If there's one thing you can say for it, Titanic II does not lack audacity.
The brainchild of eccentric Australian billionaire Clive Palmer, Titanic II aims to precisely replicate the experience of the doomed liner for a 21st century clientele — minus the iceberg.
It will have the same ornate staircase, the same Turkish baths, the same smoking rooms, and even the same "Marconi room," where the Titanic sent out its final SOS. Passengers will even be provided with early-20th-century-style clothes and undergarments in their cabins. The safety equipment will be up-to-date, however, and will include more than enough lifeboats and inflatable rafts for the 2,400 passengers and 900 crew.
It's as if a dirigible company sold tickets for a new and improved Hindenburg. At a lavish gala and press conference in the Chinese gambling mecca of Macau, Palmer rolled out his vision for Titanic II in a pre-recorded speech filled with non sequiturs and allusions to the movie Titanic.
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"Why build the Titanic? Why go to the moon? … Why did Hong Kong and Macau stand up and become part of China? Because they could. And they can. And we can build the Titanic," he explained.
"As James Cameron reminds us, my heart will go on. All of us have gone on in love. In the love we have for each other, and the love that goes into our children. Our love goes out to the families of the Titanic."
Apart from safety features and the number of lifeboats, Titanic II will differ from its predecessor in another crucial way: It will be made in China. Palmer has hired CSC Jinling, a state-owned shipyard with no experience building luxury passenger ships, to construct the Titanic II. When completed in 2016, the vessel is expected to launch from Shanghai, and proceed eventually to Southampton, UK to "complete" the Titanic's voyage to New York City.
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Asked if this was an attempt to rewrite history, Blue Star representative Andrew Crook said, "I just think it's a tribute to the people of 100 years ago."
CSC Jinling's involvement is intended to mark China's entry into the luxury passenger liner market. "Titanic II will be the start of a massive Chinese challenge to the European luxury shipbuilders," said Raymond Tam, operations director of Blue Star Line.
Biao Ge, director of CSC Jinling, admitted it would not be easy. "For a Chinese shipyard, it is difficult to build Titanic II, but we have confidence to build it," he said in translated remarks.
The movie "Titanic" was a touchstone throughout the gala. Celine Dion's "My Heart Will Go On" was played at least four times, including renditions by a South Korean YouTube sensation and an all-female string quartet. Guests were invited to stand behind a fake ship's prow and take photos like Jack and Rose.
The dinner recreated the 11-course meal served in first-class on the Titanic, ranging from Scottish salmon with mousseline sauce to Aberdeen Angus filet mignon. Chinese VIPs and diplomatic guests were regaled with scenes from a Titanic musical featuring the lines, "It's unthinkable/ We're unsinkable." Half a dozen people have already said they would pay $1 million to ride on the maiden voyage, according to Blue Star Line.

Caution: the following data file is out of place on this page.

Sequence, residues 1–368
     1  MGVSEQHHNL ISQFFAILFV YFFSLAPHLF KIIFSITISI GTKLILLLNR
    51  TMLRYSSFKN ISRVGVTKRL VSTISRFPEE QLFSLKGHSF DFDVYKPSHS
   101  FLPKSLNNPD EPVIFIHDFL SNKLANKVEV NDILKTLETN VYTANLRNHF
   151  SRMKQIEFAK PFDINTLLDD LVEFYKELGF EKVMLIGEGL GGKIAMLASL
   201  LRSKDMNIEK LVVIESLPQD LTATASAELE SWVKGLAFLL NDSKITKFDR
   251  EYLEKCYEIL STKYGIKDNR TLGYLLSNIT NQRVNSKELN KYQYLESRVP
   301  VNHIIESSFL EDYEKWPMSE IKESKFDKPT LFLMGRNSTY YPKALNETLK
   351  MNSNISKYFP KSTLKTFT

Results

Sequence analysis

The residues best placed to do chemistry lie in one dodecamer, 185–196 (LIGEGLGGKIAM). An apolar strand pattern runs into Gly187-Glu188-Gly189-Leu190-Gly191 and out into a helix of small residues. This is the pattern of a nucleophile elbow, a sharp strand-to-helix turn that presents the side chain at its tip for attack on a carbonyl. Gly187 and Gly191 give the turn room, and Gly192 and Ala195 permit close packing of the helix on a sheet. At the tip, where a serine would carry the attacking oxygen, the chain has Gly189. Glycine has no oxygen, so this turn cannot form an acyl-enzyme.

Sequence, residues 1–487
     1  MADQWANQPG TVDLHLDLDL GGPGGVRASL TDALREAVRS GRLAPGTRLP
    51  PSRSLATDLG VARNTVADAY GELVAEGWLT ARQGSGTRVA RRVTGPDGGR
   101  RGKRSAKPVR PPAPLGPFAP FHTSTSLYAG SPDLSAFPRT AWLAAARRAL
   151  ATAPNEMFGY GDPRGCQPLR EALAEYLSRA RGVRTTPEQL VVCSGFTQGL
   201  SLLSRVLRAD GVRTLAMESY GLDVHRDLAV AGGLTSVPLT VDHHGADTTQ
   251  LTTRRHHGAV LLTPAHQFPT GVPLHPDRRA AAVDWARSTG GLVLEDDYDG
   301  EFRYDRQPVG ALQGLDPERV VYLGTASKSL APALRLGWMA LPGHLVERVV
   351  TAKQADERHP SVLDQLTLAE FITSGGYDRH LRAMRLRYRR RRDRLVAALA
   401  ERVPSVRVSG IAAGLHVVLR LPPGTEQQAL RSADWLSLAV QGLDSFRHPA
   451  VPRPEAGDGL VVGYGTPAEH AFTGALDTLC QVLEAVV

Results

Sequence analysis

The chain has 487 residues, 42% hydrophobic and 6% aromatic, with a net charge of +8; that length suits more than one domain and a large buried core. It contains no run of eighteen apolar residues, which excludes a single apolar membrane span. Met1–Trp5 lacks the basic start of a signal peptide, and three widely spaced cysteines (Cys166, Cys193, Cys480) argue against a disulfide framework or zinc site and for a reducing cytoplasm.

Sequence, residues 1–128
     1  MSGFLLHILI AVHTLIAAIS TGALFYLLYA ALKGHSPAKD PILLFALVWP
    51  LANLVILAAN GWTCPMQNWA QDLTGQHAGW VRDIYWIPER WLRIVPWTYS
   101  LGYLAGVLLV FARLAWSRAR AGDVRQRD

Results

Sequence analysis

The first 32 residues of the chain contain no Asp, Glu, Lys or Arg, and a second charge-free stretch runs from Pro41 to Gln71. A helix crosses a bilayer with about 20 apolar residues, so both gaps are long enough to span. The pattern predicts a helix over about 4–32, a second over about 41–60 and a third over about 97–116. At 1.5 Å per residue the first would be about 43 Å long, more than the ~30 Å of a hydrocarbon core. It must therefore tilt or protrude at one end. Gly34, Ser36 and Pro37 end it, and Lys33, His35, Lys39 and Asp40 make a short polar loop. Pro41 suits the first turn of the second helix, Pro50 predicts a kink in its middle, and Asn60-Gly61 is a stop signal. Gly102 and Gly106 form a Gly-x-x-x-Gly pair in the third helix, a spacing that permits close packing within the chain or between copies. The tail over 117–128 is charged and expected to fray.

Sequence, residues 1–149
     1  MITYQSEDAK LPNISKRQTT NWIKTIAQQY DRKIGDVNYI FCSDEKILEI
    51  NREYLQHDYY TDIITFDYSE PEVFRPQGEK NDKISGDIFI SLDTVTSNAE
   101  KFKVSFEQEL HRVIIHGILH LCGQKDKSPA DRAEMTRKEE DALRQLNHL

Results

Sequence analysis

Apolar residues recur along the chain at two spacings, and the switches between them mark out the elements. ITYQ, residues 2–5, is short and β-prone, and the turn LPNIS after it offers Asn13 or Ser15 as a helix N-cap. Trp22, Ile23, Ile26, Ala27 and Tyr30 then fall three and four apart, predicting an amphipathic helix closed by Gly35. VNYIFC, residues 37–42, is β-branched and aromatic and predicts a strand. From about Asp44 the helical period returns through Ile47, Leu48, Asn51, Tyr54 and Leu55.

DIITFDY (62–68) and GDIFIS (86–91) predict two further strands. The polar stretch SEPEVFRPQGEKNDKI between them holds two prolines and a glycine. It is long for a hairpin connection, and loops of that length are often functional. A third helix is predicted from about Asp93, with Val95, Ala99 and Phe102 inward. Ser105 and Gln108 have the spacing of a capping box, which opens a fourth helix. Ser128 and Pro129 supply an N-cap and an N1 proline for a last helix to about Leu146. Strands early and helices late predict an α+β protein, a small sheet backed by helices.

The choice of China as a central player in the launch of Titanic II was no accident. Chinese interest in the Titanic has surged since the re-release of James Cameron's Titanic in China last year, which broke box-office records, earning $67 million in its first weekend.
"We wouldn't come here if there wasn't interest here," said James McDonald, Blue Star marketing director, when asked about the Chinese market for the cruise.
Titanic II will be full of branding and co-sponsoring opportunities. Companies can pay to have their logos hoisted on the Titanic II flagpoles, or to have their name attached to a room or facility. Marketing materials urge potential sponsors to "have your 'king of the world' photographs on the bow of the ship with your logo on every image." Anticipating possible future demand, Blue Star Line holds priority trademark applications for Titanic III, as well as Gigantic, one of the original Titanic's sister ships.
If the prospect of a Philip Morris smoking lounge or a Facebook poop deck seems in poor taste, then Titanic II might not be for you.
Several guests at the gala said they felt the associations with the Titanic name were a touch macabre. Not to mention the fact that there was another ship dubbed the Titanic 2 that didn't make it out of an English harbor in 2011.
"I'm not sure I would take Titanic," said Yan Qiang, a young woman from Nanjing. "A lot of people say it is bad luck."
Kevin Chung, a guest from Hong Kong, agreed that adopting the name of a ship that claimed the lives of 1,500 people might turn people off. "For Chinese people, when they hear Titanic, they think of negative things."
But to Clive Palmer, the Titanic is apparently not a symbol of tragedy or hubris, as it is to much of the world, but a symbol of something else entirely.
"Titanic represents the spirit of man," he said, "the spirit of love, the hope that all men have for peace on earth in our time, and good will to all men."